By Cheryl PooMonkey behaviour
The proboscis monkey is endemic to Borneo. Usually found in tall trees near waterways, these primates roost in the highest branches for the night after a day of foraging for food in the forest. The primate earned the name bekantan and orang Belanda or Dutchman because their long noses and pot bellies resemble those of Dutch colonisers. Research in the past five years indicates that Sabahan populations are found in the Kinabatangan floodplains, Klias Peninsula and Segama.
These creatures are social animals that often gather in troops of five to 15, sometimes up to 30. Similar to the social hierarchy in a pride of lions, single males in multi-female troops are common.
According to Goossens, the size of the group depends on the male's appeal. And like most creatures, the males often fight for their reign. Apparently, the proboscis monkey is preoccupied with sex.
"Its penis is erect 18 hours a day," said Goossens.
The primate derives its name from its long, phallus-like nose that dangles like a pendulum over its mouth. They move easily through the forest, swinging from tree to tree and are often found along riverine mangroves where they graze on fruits, flowers, leaves, seeds, and aquatic vegetation.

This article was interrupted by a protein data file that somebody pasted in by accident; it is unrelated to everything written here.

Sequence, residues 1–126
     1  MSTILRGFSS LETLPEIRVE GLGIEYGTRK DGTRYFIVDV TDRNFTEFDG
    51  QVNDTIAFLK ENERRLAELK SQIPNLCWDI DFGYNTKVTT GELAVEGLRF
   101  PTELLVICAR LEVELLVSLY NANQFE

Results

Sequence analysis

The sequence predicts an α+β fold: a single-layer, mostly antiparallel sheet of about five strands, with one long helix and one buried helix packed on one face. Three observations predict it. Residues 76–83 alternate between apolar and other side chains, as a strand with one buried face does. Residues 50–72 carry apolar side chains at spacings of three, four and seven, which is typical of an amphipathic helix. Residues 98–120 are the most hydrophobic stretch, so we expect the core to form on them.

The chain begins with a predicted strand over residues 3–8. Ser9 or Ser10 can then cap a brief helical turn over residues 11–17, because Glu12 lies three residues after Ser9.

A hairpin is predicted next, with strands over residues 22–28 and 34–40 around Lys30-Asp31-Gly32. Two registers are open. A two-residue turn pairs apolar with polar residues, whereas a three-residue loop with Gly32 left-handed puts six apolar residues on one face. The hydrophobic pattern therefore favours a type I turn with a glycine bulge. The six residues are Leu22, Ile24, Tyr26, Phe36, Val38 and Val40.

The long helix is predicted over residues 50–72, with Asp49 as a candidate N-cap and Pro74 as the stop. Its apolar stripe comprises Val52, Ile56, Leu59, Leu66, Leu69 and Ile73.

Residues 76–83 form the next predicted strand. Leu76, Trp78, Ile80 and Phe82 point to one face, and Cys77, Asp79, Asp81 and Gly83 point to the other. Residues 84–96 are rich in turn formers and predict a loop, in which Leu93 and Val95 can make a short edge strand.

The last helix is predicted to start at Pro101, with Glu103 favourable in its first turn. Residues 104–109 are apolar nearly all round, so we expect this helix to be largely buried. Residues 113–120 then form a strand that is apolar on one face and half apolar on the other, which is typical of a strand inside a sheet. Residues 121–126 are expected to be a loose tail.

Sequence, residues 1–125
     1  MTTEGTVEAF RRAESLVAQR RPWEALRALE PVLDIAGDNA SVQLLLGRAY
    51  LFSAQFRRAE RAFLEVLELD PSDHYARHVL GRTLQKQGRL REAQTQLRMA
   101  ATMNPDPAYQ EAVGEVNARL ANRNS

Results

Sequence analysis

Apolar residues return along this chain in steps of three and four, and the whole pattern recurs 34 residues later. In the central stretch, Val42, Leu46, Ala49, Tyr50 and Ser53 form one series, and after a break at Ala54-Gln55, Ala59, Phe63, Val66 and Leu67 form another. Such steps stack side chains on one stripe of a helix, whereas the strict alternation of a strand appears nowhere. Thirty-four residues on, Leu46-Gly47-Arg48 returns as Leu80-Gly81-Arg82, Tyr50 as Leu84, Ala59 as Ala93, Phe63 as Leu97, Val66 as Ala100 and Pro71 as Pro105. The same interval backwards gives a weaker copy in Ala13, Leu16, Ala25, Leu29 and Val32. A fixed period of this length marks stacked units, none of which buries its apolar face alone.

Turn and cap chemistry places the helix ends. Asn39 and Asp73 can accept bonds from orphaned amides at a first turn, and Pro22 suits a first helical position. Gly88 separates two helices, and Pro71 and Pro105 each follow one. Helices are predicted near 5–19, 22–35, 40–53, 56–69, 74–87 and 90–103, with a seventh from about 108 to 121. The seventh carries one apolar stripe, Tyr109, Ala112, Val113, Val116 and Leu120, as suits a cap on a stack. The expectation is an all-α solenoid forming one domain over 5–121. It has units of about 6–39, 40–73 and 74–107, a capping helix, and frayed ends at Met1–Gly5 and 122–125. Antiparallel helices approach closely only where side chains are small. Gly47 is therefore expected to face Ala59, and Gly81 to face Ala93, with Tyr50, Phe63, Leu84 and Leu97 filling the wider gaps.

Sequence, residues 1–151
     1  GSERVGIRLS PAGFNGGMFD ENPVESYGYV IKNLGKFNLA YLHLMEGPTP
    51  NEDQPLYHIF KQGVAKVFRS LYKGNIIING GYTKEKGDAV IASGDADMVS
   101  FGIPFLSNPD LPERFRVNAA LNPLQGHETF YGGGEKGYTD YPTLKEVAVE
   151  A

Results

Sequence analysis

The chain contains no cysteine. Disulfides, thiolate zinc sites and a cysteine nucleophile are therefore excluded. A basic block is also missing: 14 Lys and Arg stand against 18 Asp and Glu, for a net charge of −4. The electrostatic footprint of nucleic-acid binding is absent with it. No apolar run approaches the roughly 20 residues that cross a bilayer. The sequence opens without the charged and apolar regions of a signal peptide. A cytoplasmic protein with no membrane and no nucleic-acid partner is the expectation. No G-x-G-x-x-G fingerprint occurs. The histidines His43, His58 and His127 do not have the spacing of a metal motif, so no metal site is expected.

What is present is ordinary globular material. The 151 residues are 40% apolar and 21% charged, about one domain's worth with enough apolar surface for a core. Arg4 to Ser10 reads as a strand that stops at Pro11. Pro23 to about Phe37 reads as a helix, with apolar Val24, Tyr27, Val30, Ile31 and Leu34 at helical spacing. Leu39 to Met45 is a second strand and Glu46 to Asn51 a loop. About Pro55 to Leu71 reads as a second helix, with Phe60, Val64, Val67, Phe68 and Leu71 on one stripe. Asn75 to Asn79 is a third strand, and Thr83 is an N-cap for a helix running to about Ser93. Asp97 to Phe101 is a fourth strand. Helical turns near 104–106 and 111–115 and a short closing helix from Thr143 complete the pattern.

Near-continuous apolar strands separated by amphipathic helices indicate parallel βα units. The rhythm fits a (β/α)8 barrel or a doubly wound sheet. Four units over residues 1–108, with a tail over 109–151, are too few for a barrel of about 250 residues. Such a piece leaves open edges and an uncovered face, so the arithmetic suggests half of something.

Folklore has it that the proboscis monkey was hunted for its flesh but Goossens thinks that the practice is now uncommon, if not entirely phased out. He adds that Muslims do not eat primates.
At any rate, the bigger threats to proboscis monkeys lie in the increase in oil palm plantations and logging activities. These rob wildlife of their natural habitats. Furthermore, the reduced landscapes can result in genetic disorders among species such as low genetic diversity, weaker immune systems and lower adaptability to different environments.
"A new virus and bacterial outbreak (from inbreeding) may wipe out the entire species, like the Ibola virus attack on cattle in Africa," said Goossens.
Habitat loss will also lead to the scarcity of food for the proboscis monkey as their unique digestive system requires a specified diet. In fact, it is similar to that of cattle. A Youtube video depicts a large - presumably male - proboscis monkey remasticating its meal of leaves.
The leaves go through a rumination process and turn into digestive enzymes through a series of fermentation process in the intestines. Certain foods, such as bananas, though typical for primates, are taboo for proboscis monkeys.
"It can cause enough gassing to kill the monkey," says Senthivel.
Fortunately, it has not come to a point where these mammals are forced to take on a different and harmful diet due to food shortage.